Let’s make one thing clear: Bloodborne has no interest in being your ‘friend’.
This hardcore action-RPG is the spiritual successor to From Software’s brutally difficult Dark Souls series and there is little change in the developer’s attitude to hand-holding, which is that there shouldn’t be any. Ever.
This unwillingness to make concessions for today’s ‘casual’ gamer can be seen as either a hindrance or a defiant stand for the traditional values of video gaming, depending on your perspective. Whatever way you spin it, once you’ve plunged into Bloodborne’s world of hellbound Gothicism, it may take you a little while to resurface.
Bloodborne is set in the seemingly doomed city of Yarnham, a Gothic version of Victorian-era London with a supernatural tone that would make Hades himself shudder (or at the very least, marvel in awe at the elaborate architecture).
Your character is a Hunter tasked with ridding the world of a demon plague that has driven its residents indoors on what is referred to as “the night of the hunt”. You can expect to encounter all kinds of monstrosities, many of whom seem to have ties to a religious organisation claiming control over the streets.
Fortunately, Bloodborne doesn’t rub its story in your face. Instead, it leaves you to your own devices from the get-go. There is a rich backstory and a sense of purpose in everything that happens. Everything is revealed in titbits, but only if the player pays attention. Town residents talk to you through the barred-up windows of their decrepit homes and add crucial pieces to the compelling universe.
The atmospheric hunt
Bloodborne is a rare gaming experience that demands everything before you can succeed. Every demon, werewolf or violently religious zealot you slay is nothing but preparation for the blood-curdling beasts of utterly epic proportions that you must face off against in order to uncover the next awaiting terror.
On a moment-to-moment level, this essentially boils down to exploring an area to find any useful equipment and saving up points from the enemies you kill until you’ve banked enough to level up and prepare yourself for the next boss battle. This bare bones structure will be familiar to anyone who’s ever played any old school dungeon-trawler, but Bloodborne is so much more than the sum of its parts!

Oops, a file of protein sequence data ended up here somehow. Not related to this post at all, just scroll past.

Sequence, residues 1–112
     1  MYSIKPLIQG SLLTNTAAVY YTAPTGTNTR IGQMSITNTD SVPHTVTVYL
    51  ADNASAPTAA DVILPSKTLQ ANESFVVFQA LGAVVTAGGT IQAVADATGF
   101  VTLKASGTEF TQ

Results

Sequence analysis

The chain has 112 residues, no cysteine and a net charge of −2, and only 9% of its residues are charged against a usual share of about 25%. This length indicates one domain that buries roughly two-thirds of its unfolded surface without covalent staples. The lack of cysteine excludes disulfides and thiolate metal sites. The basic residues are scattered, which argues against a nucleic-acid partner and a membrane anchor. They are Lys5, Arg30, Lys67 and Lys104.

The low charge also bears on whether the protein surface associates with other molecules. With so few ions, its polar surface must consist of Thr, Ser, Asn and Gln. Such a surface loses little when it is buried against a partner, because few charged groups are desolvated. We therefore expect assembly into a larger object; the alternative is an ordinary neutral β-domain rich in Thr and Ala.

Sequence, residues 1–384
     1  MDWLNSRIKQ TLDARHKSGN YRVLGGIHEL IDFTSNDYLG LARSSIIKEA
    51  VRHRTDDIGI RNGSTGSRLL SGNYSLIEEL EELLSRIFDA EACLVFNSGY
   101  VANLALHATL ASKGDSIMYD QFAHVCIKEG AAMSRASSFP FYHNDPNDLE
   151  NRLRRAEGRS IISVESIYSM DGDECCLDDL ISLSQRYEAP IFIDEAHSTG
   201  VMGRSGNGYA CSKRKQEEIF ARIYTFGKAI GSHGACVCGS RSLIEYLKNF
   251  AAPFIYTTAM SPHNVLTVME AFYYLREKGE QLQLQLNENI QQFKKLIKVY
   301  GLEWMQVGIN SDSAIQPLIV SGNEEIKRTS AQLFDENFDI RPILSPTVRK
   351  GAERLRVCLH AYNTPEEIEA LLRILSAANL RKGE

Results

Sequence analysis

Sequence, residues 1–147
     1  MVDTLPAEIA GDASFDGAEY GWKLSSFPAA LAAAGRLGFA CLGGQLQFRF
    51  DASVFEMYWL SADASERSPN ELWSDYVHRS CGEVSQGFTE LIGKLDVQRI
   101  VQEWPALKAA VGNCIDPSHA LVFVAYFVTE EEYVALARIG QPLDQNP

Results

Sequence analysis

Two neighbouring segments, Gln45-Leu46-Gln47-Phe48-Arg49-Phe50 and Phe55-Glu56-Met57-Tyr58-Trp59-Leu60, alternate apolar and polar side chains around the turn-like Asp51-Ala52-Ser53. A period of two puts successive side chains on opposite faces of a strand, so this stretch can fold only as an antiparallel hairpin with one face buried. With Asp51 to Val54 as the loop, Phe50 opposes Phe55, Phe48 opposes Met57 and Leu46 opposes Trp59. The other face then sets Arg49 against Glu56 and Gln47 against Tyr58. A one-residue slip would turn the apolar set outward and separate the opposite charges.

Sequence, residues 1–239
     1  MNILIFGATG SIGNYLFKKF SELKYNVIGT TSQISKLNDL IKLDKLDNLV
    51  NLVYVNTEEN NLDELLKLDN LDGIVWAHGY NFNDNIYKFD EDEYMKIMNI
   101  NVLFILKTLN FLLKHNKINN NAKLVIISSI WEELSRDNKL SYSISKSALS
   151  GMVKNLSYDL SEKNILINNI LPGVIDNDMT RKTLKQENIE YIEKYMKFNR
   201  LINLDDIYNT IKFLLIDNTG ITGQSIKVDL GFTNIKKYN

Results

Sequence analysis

One of the criticisms of the Souls games was that combat was too sluggish and movement restrictive. Bloodborne increases both the tempo and tension considerably, soon having the player wielding a gun in one hand and a melee weapon in the other. A vital dodge/roll button is therefore your main line of defence and is equally functional as a means of gaining positional advantage over the enemy; something compounded by weapons that can transform from short to long variations, even in mid-combo.
Combat is tough, satisfying and highly dependent on proper tactic and strategy, lest your demon hunting avatar be ripped ungraciously to shreds – again and again – until you learn.
As much as fighting smart is important, Bloodborne doesn’t want you to fritter along the edges, waiting for perfect fighting conditions. The game includes a ‘regain’ dynamic, which lets you retrieve a portion of the health lost in the moments immediately following an attack. This cleverly introduces an extra layer of ‘fight or flight’ thinking as you must instantly weigh up the pros and cons of seeking retribution versus fleeing for cover.
A game of patience
The design choices may put off some players, making this review as much a disclaimer as a hearty recommendation. Mainly, be prepared to trawl through the same areas over and over. Checkpoints are really sparse and if you die, you must traverse all the way back to where you died to retrieve the points you had saved up, or face losing them forever. At its best, this is a good tension-building device, making you value your life. At its worst, it means replaying certain sections repeatedly with little to nothing to show for your efforts.
However, this frustration doesn’t diminish the many strengths. The soundtrack perfectly captures the build-up and release of tension as you square off against some of the most deviously original boss battles ever conceived in a video game. The graphics are among the best of this generation thus far – enemy and world design are both surreal yet recognisable, nightmarish yet beautiful.
Most importantly, the thrill of overcoming near-impossible odds with your life intact makes every moment of heart-breaking loss feel worthwhile. Bloodborne may not want to be your friend, but it does want to be your mentor and, once your training is complete, you will thank it for every time it killed you or made you want to throw your controller.
Bloodborne has an RRP of £49.99 and is out now exclusively on PS4.